A staunch and outspoken critic of involuntary taxation, McAfee has openly admitted
to not having filed a single tax return since 2010. As a result, the entrepreneur had been in self-imposed exile from the United States, hiding from tax evasion charges in Belize and, later, in international waters.
It is no wonder that when Bitcoin (BTC
) came about — built around, among other things, the libertarian ideals of financial privacy and independence — McAfee became one of its strongest supporters.
In July 2017 the businessman had predicted that the price of Bitcoin would reach $500,000 in three years. McAfee was so confident in his prediction as to promise
to “eat [his] own d*ck on national television” if it doesn’t come true.
Neither the prediction nor the promised genital consumption came to be, as Bitcoin had only managed to reach the price of about $9,141 by July 17, 2020, while McAfee backed out of his bet, claiming that it was merely a “ruse” to attract new users to the cryptocurrency.
The U.S. Department of Justice, assisted by Interpol, had finally caught up to him in October 2020, when he was arrested in Spain. After spending several months in a Spanish prison, McAfee was found dead in his cell following an apparent suicide on June 23, 2021, just hours after the court had authorized his extradition to the U.S.
Several details of his death, including an earlier tweet
in which he claimed that he would never commit suicide, have given rise to multiple conspiracy theories, none of which have been proven correct to date.
Crypto Scam Revenue Grows 81% Year-Over-Year, Reaching Above $7.7 Billion
published in December by the blockchain data firm Chainalysis has revealed the staggering scale reached by cryptocurrency scams in 2021. According to the company’s findings, the combined revenue from all crypto-based fraud has reached more than $7.7 billion this year, an increase of 81% over the 2020 numbers.
It appears that this year’s impressive performance was mostly driven by a relatively new type of scam, the so-called “rug pull
,” in which malicious actors spend some time pretending to work on a new project and generating hype around it, only to run away with investors’ funds after a sufficiently high sum has been secured. According to Chainalysis, if one subtracts the volume of rug pulls from the total scam revenue, the remainder will be on a similar level to that of last year.
The decentralized finance (DeFi
) industry, which was completely “plagued” by rug pulls according to the report, has suffered the most, contributing over $2.8 billion to this year’s total. AnubisDAO and Uranium Finance were the largest scams in this particular category. The largest overall rug pull, however, took place on a Turkish centralized crypto exchange (CEX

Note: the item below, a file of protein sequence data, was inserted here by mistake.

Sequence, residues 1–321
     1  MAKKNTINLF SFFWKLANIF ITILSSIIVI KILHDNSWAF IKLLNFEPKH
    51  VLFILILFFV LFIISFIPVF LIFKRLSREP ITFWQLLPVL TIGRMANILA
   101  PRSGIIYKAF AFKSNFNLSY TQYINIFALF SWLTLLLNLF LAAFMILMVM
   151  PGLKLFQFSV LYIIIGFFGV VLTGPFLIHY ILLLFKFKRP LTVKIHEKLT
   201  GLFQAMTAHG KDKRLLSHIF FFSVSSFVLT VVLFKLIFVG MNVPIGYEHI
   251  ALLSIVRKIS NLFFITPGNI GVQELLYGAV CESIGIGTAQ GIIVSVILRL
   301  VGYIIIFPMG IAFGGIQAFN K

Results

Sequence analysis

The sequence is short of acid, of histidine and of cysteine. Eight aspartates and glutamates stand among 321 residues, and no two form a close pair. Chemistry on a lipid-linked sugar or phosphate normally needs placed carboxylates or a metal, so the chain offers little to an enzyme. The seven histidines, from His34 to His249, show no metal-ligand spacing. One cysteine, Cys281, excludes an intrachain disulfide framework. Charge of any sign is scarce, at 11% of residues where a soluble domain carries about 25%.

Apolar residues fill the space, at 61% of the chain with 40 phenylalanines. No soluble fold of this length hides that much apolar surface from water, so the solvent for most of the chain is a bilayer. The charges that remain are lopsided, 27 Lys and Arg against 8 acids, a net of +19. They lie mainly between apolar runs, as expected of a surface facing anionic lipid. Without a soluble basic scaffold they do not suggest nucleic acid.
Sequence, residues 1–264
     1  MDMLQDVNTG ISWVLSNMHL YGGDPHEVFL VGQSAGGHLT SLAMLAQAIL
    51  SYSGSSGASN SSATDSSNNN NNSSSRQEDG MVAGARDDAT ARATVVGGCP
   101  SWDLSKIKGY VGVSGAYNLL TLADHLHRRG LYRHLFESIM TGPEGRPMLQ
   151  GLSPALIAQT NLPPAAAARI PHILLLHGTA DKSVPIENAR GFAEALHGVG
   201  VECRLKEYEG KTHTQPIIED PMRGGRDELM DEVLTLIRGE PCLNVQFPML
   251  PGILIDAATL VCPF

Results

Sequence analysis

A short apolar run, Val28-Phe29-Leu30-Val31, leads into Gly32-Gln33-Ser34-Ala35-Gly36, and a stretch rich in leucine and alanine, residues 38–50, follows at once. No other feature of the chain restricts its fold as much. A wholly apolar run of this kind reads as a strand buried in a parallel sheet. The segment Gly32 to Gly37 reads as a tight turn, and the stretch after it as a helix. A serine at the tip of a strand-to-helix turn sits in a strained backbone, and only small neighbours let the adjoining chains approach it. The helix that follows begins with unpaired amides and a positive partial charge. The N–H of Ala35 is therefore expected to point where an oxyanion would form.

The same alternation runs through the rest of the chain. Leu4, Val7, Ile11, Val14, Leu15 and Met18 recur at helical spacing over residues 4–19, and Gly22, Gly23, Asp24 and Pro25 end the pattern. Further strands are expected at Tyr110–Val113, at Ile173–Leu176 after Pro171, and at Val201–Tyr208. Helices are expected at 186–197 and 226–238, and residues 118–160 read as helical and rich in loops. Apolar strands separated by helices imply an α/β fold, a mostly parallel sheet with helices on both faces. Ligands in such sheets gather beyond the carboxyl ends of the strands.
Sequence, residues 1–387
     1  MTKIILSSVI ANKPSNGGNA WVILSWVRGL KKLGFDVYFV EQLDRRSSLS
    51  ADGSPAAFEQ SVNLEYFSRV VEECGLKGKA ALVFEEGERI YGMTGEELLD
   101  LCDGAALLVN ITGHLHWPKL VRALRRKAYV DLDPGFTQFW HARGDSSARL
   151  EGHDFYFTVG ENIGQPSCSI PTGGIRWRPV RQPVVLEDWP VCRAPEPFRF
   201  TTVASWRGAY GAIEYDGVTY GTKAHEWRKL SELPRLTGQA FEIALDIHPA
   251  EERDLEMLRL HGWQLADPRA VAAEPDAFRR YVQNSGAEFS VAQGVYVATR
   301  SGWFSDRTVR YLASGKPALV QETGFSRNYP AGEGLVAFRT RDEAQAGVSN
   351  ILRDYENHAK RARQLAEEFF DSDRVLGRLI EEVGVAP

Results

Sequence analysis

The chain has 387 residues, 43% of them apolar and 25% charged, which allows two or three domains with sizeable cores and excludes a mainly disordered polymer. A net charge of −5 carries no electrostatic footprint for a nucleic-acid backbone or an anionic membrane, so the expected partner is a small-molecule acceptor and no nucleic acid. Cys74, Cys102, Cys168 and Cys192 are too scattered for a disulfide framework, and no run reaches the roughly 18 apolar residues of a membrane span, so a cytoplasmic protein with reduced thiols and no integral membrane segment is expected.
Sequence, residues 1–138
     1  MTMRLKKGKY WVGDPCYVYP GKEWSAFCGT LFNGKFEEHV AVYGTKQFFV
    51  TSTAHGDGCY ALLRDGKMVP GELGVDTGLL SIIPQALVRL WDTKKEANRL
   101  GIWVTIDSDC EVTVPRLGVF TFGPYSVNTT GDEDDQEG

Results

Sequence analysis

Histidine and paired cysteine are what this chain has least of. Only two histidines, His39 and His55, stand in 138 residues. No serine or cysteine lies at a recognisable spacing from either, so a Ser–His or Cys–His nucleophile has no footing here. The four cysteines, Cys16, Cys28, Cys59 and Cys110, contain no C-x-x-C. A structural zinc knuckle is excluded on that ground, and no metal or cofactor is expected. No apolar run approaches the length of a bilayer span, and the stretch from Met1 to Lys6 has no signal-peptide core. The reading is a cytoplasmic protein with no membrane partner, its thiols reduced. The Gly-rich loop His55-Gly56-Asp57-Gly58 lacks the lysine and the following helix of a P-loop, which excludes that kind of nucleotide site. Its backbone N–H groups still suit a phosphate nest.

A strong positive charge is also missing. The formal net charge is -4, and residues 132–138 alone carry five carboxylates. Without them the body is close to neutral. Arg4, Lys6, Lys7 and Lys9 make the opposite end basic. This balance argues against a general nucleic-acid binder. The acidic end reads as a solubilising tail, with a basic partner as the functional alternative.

) Thodex, which stole a mind-blowing $2 billion worth of digital assets from its customers in April this year.
In a sign that crypto scammers are always improving their skills and becoming more efficient, the average active lifespan of a scam went down from over 2,000 days in 2013 to less than a hundred in 2021.
A conflicting report by blockchain analytics firm Elliptic provides an even higher total estimate: according to the firm, fraud and theft in the DeFi space alone accounted for $10.5 billion in money lost this year. If Elliptic’s analysis is correct, it would make 2021 the current all-time high year for the crypto scam “industry.”
Now that we’ve dealt with the general statistics, let’s zoom in on the specifics of a couple of the more crazy scams of 2021. The first of these took place less than two weeks ago: the Twitter account of Narendra Modi, the prime minister of India, was hacked
in order to promote a Bitcoin giveaway scam.
Modi’s Twitter account was “very briefly compromised,” as his team later explained, on Saturday, Dec. 11, and used to post a fake announcement that India has adopted Bitcoin as legal tender. The tweet also falsely claimed that the Indian government had purchased 500 BTC to give away to its citizens and included a link to an article on Blogspot.com promoting the fake giveaway.
The prime minister’s team had quickly reacted to regain control of the account, delete the offending tweet and inform the followers of the incident.
Giveaway scams targeting high-level Twitter accounts usually work by asking the followers to send Bitcoin or other cryptocurrencies to the scammer’s address with a promise to send back double the amount — which, of course never happens — and are not a new tactic. Over the past few years, people and companies such as Elon Musk
, Bill Gates, Apple and Uber have been the targets of this type of attack.
What’s extraordinary in the case of Narendra Modi, however, is the scale of the potential audience that could be reached by the hackers: as of the time of the attack, the account boasted over 73 million followers. That number makes it one of the most-followed handles on the platform and indeed the most popular currently incumbent politician — only outstripped by the account of Modi’s out-of-office colleague Barack Obama, which enjoys more than 130 million followers and, incidentally, was at one point also the target of a similar hack.